Get a Blood Pressure Monitor

In addition to a Bluetooth scale, another great investment is a home blood pressure monitor.

You may even be able to get one now at the end of the year, essentially with no out-of-pocket cost!

I’ll tell you how I did it after I tell you about my monitor and why I bought it.

I got the QardioArm home blood pressure in late June after learning more about how high blood pressure can provide chronic stress to blood vessels, which can open the door to slight areas of damage which can become the place where plaques start to form.

It was only $99 plus tax, so it seemed like good value, and I’ve been using it regularly to track my blood pressure.

Here’s my reading from last night, which it categorizes in the Normal range, just above Optimal:

We’ve all had our blood pressure measured at our medical appointments, and I often wonder at their usefulness.

I have had readings in the 140/90 range previously (especially when I was 60 pounds heavier), and I’ve never had anyone suggest that I might have hypertension.

It’s true that sometimes just being in a doctor’s office can raise one’s blood pressure (they call it “white coat hypertension”), and we all have fluctuations. One high reading shouldn’t necessarily send off warning flares.

But if you’re not measuring regularly, how do you know whether it’s “one high reading” or not?

That’s why I think a home blood pressure monitor is a great purchase. Because it’s connected to my iPhone, I can gather and track readings over time, and view them as either monthly or weekly averages. Here’s my chart:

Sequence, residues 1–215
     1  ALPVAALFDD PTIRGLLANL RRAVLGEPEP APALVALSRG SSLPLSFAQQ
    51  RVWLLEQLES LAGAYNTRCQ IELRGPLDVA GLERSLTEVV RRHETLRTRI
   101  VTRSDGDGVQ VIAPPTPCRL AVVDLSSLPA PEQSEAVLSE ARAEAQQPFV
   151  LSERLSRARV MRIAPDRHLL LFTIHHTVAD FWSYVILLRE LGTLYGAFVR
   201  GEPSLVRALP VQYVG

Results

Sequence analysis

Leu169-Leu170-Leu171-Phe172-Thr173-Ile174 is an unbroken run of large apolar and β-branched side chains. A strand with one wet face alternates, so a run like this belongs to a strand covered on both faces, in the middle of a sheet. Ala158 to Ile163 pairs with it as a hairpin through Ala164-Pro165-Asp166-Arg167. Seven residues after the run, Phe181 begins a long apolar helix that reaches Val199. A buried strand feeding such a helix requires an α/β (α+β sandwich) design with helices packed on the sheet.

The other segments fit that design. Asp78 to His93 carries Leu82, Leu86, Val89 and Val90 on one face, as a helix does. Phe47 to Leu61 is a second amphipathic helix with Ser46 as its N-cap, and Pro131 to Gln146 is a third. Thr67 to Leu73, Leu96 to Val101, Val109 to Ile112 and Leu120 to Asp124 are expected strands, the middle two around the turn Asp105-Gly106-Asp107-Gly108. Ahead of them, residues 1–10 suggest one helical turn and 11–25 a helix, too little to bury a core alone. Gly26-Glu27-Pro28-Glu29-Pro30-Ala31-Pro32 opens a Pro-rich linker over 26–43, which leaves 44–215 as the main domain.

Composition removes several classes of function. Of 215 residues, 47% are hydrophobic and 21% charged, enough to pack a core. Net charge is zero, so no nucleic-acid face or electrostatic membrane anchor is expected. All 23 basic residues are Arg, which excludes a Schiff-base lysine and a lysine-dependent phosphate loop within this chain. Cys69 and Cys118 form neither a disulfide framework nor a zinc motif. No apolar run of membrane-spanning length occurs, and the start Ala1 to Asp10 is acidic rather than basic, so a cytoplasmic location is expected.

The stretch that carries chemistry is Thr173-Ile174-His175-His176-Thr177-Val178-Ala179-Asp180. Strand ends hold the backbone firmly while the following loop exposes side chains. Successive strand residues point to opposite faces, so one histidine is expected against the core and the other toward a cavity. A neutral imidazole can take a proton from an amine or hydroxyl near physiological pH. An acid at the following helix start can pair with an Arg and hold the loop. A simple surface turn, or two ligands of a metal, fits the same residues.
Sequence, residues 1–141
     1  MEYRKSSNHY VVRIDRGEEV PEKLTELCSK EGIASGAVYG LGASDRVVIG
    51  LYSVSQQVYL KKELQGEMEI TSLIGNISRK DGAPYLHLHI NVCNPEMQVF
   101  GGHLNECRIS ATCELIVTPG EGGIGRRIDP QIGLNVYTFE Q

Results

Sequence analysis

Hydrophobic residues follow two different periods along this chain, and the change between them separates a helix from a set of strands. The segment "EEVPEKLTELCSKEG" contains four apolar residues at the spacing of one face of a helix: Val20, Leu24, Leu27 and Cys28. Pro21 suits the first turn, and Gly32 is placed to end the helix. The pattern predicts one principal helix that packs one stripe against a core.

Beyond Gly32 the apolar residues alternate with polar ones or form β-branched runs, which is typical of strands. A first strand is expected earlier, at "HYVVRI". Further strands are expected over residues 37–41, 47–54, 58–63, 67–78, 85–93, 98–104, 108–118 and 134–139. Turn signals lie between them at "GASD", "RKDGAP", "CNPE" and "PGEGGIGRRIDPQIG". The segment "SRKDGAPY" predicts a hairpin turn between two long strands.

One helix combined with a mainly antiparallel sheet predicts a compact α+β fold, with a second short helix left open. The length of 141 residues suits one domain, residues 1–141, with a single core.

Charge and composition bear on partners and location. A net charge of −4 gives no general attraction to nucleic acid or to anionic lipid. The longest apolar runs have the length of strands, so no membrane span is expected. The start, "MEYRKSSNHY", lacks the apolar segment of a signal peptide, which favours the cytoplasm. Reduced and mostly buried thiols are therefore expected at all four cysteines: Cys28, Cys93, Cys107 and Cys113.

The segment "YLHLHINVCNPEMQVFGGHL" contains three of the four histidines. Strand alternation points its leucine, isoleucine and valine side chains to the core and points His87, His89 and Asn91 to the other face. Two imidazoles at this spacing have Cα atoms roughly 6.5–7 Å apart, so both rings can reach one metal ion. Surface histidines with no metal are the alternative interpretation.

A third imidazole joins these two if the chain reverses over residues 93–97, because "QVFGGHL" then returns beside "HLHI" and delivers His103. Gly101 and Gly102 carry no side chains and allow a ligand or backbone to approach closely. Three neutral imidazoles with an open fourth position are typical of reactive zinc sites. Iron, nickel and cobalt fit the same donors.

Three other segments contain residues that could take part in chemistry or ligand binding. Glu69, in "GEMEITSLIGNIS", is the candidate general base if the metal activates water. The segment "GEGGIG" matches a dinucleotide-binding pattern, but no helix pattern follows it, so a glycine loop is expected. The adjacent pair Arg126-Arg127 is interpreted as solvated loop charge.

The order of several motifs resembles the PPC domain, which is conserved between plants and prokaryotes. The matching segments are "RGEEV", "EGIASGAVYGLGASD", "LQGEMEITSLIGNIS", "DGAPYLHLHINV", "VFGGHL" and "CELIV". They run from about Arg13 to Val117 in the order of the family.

Weekly and Monthly charts of average systolic and diastolic blood pressure are available.

I have at least 10-15 readings per month, and the general trend has been in a good direction.

Here’s why mine was essentially free: As I was going through my medical paperwork last month and reviewing my health care flexible spending account (FSA) program and remaining balance, I saw that home blood pressure monitoring devices are eligible for reimbursement.

I downloaded my receipt and filed online with my administrator, and got full reimbursement. I had already paid for it out-of-pocket, so it was a nice surprise that the money I had set aside in my FSA could reimburse me.

I think the $100 or so would be a good investment for anyone, particularly those of us who are old enough to remember the Carter Administration.

But if you have some FSA money you have to use (or lose) before the end of the year, it’s a total no-brainer.

If you think your friends might find this post helpful, I hope you’ll share by email or on your social networks using the buttons below.

To get these updates on a regular basis you can subscribe by email, or follow me on FacebookTwitter and LinkedIn, where I’ll also be posting links.

Check out My Health Journey and my #BodyBabySteps.

Author: Lee Aase

Husband of one, father of six, grandfather of 14. Chancellor Emeritus, SMUG. By day I'm the Director of the Mayo Clinic Social Media Network. Whatever I say here is my personal opinion, and doesn't reflect the positions of my employer.

Leave a Reply

Your email address will not be published. Required fields are marked *

This site uses Akismet to reduce spam. Learn how your comment data is processed.